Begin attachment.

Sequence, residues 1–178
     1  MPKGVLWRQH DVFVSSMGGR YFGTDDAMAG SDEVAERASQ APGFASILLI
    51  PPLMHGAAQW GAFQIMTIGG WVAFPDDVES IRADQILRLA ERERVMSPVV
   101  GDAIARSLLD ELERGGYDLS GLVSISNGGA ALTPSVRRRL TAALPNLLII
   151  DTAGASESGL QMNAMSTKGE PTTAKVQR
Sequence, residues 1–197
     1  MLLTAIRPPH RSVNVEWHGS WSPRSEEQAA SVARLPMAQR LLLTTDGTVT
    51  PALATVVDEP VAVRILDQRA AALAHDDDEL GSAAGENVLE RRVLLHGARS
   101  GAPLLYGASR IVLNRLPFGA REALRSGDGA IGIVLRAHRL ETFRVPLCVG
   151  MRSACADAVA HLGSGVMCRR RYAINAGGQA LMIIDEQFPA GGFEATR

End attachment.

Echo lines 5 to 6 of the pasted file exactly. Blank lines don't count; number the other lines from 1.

   151  DTAGASESGL QMNAMSTKGE PTTAKVQR
Sequence, residues 1–197